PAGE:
Festival

Sundance Film Festival

2012

My Final Post on Digital Distribution, I Swear

PANEL ON DIGITAL DISTRIBUTION
DIGITAL DISTRIBUTION PANEL

A lot of themes have emerged at Sundance this year. The environment. The economy. Noisy gum-chewers.

But the most popular topic, at least in my experience, has been the question of digital distribution: How the hell are filmmakers supposed to make money when, every year, more and more people are downloading movies for free? No one on the “What’s Next? The Digital Distribution Imperative” panel today had an answer to that question, but everyone agreed that the industry needs a solution—and fast.

“Guys, we gotta make this happen now, or this industry could collapse a little,” Jeffrey Winter, a panel programmer, said in introducing the panel at New Frontier.

Jordan Hoffner, head of content partnerships for YouTube, said what’s obvious is that filmmakers “have got to get paid somehow,” and that right now the main models are either consumer-based (movie ticket sales, Netflix subscriptions, etc.), which is being threatened by internet piracy, or advertising-based. The latter may not suit certain films, he said, using the Doors documentary WHEN YOU’RE STRANGE as an example.

“Was there nudity?” he asked. “Yes. Was there profanity? Yes. Does that appeal to big-box advertisers? No.”

YouTube has quietly launched a movies section where users can watch full-length films (with the occasional pop-up ad). The company inks standard revenue-sharing contracts with filmmakers, who then get paid based on how many users watch their film. “If you don’t have a lot of views and don’t have a lot of ads—because you don’t have a lot of views—you’re not going to get paid,” he said. (The Sundance Channel is testing the YouTube waters with the doc CRAZY LOVE.)

Still, as several panelists said, the ad model has never made anyone more than a couple hundred thousand dollars, which isn’t nearly enough to pay for the production costs of most independent films.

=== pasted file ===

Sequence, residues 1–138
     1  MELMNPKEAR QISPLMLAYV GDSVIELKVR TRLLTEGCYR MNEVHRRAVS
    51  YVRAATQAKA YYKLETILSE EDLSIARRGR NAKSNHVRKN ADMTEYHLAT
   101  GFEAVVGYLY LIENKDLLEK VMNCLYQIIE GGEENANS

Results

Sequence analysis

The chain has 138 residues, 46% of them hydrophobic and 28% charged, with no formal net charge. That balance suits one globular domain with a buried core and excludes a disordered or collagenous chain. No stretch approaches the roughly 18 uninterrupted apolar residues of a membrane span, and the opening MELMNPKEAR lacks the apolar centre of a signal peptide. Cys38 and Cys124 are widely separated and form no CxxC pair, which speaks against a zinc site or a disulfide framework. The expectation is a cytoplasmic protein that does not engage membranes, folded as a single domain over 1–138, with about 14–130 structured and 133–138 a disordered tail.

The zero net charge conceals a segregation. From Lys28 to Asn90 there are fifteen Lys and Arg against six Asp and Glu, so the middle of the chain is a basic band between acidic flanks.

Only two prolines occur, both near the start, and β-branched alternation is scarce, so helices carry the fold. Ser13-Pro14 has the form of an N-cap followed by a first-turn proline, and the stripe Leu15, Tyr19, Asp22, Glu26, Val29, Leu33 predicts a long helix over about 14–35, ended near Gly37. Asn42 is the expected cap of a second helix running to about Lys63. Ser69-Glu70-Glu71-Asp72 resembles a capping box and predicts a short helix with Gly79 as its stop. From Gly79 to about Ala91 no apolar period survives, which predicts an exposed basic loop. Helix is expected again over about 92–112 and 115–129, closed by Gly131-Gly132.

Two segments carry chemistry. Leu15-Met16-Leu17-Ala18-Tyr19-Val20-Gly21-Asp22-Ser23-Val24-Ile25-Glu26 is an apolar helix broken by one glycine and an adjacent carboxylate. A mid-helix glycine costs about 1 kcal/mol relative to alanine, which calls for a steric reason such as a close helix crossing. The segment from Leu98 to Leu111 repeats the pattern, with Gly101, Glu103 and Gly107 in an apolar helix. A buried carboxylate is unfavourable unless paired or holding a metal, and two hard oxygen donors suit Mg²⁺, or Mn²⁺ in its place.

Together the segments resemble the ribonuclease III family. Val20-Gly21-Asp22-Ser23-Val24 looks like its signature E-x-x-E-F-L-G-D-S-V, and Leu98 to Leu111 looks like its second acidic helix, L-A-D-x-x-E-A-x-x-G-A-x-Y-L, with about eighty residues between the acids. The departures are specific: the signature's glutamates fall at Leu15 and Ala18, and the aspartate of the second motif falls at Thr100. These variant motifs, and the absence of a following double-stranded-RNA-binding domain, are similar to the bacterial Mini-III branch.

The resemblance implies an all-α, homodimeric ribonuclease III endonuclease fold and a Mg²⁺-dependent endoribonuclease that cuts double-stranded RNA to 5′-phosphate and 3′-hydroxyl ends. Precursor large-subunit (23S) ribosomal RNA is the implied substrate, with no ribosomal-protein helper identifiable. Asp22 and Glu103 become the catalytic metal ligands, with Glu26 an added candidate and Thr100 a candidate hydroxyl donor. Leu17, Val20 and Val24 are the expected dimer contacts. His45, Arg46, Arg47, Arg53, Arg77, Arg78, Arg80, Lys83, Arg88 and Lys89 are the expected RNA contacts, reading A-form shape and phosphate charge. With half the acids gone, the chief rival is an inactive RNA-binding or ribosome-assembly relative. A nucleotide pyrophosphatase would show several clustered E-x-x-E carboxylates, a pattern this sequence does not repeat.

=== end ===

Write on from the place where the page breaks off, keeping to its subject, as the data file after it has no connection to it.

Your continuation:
As for current trends in digital distribution, Variety’s Anne Thompson said, “There’s a big gap between what everybody wants and what they can get.” People might not want to watch long videos (TV shows or films) on their iPhones or BlackBerries, she added, “but I think they want to watch it one their computer,” citing Hulu.com as an example.

I’d say that’s an accurate read—of my generation anyway. Some of my friends pay for cable and rent movies via Netflix. Just as many them, however, watch whatever’s available online (at ad-based sites like Hulu or NBC.com, or streaming on Netflix.com) or buy digital content through iTunes or Amazon. Still others, like me, download shows and movies using torrents—without paying a cent or viewing a single ad. Video-on-demand is growing at the moment, as Thompson noted, and may be “what’s next”—the immediate future—but it doesn’t strike me as the future.

“People are showing a huge aversion to paying—we have to acknowledge that,” said Efe Cakarel, the founder and CEO of The Auteurs, which streams indie and foreign films online (for a price). “We have to be way more creative about making money.” (Still in beta mode—with just 100 films and 45,000 users—his company is backed by Criterion stateside.)

Cakarel, who struck me as the most forward-thinking panelist, said he often looks to Asia for insight because of its overwhelmingly young and tech-savvy consumer base, not to mention that their broadband speeds put ours to shame and there’s “a healthy disrespect for copyright” there. In Korea, said Cakarel, people download an average of 54 movies per year, compared to about the same number in minutes in the U.S.

“The challenge is when you have all of this clutter,” said Hoffner, who described the experience of perusing video content online—including, to a certain extent, on YouTube—as a “random walk.” Sean Carey, executive vice president of Sony Pictures Home Entertainment, argued that “you need a champion, whether that’s a wider network or a distributor,” to help filter content.

Cakarel disagreed, contending that users, not companies, will decide what’s of value and what’s not—that content will separate from the pack based on word-of-mouth, most likely via social networking platforms like Facebook. All of this talk about VOD and hi-def, he said, and yet people are watching low-res, low-bit rate videos on Hulu. The future of film and TV is online, he concluded. Not in the next few years, “but at some point it will hit like there’s no tomorrow.”